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MasterCard’s Wallet Fee: A Tool of Oppression, or One To Level the Acquiring Playing Field?
March 22, 2013

Is MasterCard Inc.’s coming digital-wallet fee for online-payments providers such as PayPal Inc. a fair charge for systems that rely on the bank card networks to move their transactions, or a way for the established card networks to squeeze upstarts?

That’s the gist of the debate that’s swept across the payments industry over the past week as awareness of the fee grew. MasterCard, however, hasn’t given many details about it publicly apart from that it will be tiered and based on prior-year transaction volumes, according to press reports. MasterCard didn’t respond to a Digital Transactions News request for comment.

MasterCard, the No. 2 payment card network, clearly feels justified in imposing the fee. Speaking at an investor conference last week, Chris A. McWilton, MasterCard’s U.S. Markets president, said PayPal “rides for free on the back of other business models,” according to The Wall Street Journal’s MarketWatch site. Consumers using PayPal fund their accounts with major-brand credit and debit cards, or through automated clearing house bank withdrawals.

New Visa Inc. chief executive Charles W. Scharf quickly got into the act, telling an investor gathering that such a fee seemed “totally appropriate,” according to Reuters. But another Visa executive quickly denied that Visa, the biggest card network, had any current plans to impose a similar fee.

PayPal parent company eBay Inc. apparently first revealed MasterCard’s fee when it filed its 2012 annual report last month with the Securities and Exchange Commission. “MasterCard has recently announced a new Staged Digital-Wallet Operator Annual Network Access Fee which would apply to many of PayPal's transactions if the buyer uses a MasterCard to fund their payment, and will be collected starting in June 2013,” the filing says. “PayPal’s payment card processors have the right to pass any increases in interchange fees and assessments on to PayPal as well as increase their own fees for processing. Changes in interchange fees and assessments could increase PayPal's operating costs and reduce its profit margins.”

A PayPal spokesperson declined to give details about the coming fee or the share of cards vs. ACH funding in PayPal’s current transaction mix.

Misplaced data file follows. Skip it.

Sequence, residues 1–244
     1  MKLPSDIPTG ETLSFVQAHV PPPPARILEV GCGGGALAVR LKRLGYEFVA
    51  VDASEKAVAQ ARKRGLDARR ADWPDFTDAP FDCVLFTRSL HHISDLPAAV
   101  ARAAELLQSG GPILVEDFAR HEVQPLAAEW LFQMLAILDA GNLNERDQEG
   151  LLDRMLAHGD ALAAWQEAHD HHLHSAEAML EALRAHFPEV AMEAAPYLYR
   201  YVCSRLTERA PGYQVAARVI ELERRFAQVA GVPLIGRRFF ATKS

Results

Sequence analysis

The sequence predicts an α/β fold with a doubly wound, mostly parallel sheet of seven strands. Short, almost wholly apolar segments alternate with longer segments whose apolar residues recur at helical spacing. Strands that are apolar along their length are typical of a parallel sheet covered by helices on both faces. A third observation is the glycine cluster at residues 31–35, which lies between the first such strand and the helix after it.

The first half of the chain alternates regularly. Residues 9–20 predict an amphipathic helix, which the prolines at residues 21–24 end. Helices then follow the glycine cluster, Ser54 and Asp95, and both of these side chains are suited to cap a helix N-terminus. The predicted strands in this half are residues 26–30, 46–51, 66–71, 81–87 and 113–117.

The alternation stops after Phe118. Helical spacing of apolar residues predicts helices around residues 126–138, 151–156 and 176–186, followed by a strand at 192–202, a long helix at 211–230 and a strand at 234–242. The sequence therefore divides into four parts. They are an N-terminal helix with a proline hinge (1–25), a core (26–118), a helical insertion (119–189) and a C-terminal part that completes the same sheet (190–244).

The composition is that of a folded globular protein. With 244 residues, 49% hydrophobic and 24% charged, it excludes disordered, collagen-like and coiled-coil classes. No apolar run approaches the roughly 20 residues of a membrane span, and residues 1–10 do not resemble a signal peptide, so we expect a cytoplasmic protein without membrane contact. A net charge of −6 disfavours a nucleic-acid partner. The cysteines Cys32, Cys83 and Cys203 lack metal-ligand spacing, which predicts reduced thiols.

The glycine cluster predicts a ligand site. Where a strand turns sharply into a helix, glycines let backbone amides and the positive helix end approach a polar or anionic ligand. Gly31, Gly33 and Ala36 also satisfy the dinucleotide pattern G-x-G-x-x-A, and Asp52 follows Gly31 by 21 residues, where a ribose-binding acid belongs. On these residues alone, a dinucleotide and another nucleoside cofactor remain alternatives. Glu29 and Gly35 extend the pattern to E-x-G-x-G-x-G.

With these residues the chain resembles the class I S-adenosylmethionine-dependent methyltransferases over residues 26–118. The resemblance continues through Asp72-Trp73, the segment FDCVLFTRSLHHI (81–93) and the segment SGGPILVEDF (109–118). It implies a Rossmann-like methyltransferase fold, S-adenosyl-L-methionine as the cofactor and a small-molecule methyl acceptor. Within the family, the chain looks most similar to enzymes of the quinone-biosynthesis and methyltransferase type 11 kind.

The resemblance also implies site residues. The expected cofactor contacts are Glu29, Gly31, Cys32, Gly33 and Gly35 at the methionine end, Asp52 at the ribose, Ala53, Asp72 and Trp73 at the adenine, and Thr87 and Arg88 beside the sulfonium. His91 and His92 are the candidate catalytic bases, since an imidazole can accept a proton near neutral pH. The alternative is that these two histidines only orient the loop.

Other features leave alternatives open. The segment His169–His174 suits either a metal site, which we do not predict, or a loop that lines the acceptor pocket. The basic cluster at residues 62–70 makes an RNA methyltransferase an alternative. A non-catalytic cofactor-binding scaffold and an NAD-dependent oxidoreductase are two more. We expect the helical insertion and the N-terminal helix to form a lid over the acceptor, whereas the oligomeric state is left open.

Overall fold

“Historically, our transaction expenses have been relatively stable over time, averaging just 1.06% over the past six quarters, despite underlying pressures from different components that comprise this metric, like the new MasterCard fee,” says a PayPal spokesperson by e-mail. He adds that “PayPal has a great relationship with the card networks and we are in fact one of their largest customers. We continue to work closely with both Visa and MasterCard as the market evolves and technology changes how consumers shop.”

PayPal is the dominant alternative online- and mobile-payment system, with $144.9 billion in global charge volume last year, and is quickly moving to the point of sale through contracts with individual large retailers and a 2012 deal with Discover Financial Services. Some observers say the bank card networks want to squash any challengers such as PayPal or smaller alternative-payments providers. Consultant Steve Mott of Stamford, Conn.-based BetterBuyDesign predicts Visa will impose a digital-wallet fee if it senses MasterCard’s is a success.

“When you’re the incumbent in the market, you don’t like innovation,” Mott tells Digital Transactions News by e-mail. “When you dominate the market, you proliferate fees anyplace you choose, and suppress competition whenever it becomes a threat. The only thing that’s a surprise is that it took this long for the duopoly to consider imposing penalties on PayPal, which, after all, is the most (and some say only) successful ‘interloper’ in the competition-challenged payments space in the past decade.”

Ralf Gladis, chief executive of Computop Inc., a Germany-based international payment services provider with a U.S. office in New York, adds that, “I’m already hearing disgruntled noises from within the industry.”

But Gladis acknowledges that digital-wallet providers have some advantages over conventional merchant acquirers. For example, multi-national “wallet schemes can apply low international and inter-regional card interchange fees for funding with card payments,” he says. “A low interchange fee helps wallets to keep their service fee to merchants down, which actually is an advantage over traditional card acquiring.”

Thus, Gladis postulates that “additional card fees for wallet schemes will probably just reduce the cost advantages of wallet schemes over card acquiring. For some this fee looks like a punishment or a fight against new innovations at the [point-of-sale].  However, it may only balance the equation with traditional acquiring banks.”

PayPal has been enormously profitable for years. In 2012’s fourth quarter, its so-called take rate, or per-transaction revenue, averaged 3.72% of the sale. After subtracting expenses of 1.03% and fraud losses of 0.28%, its margin was nearly 65%.


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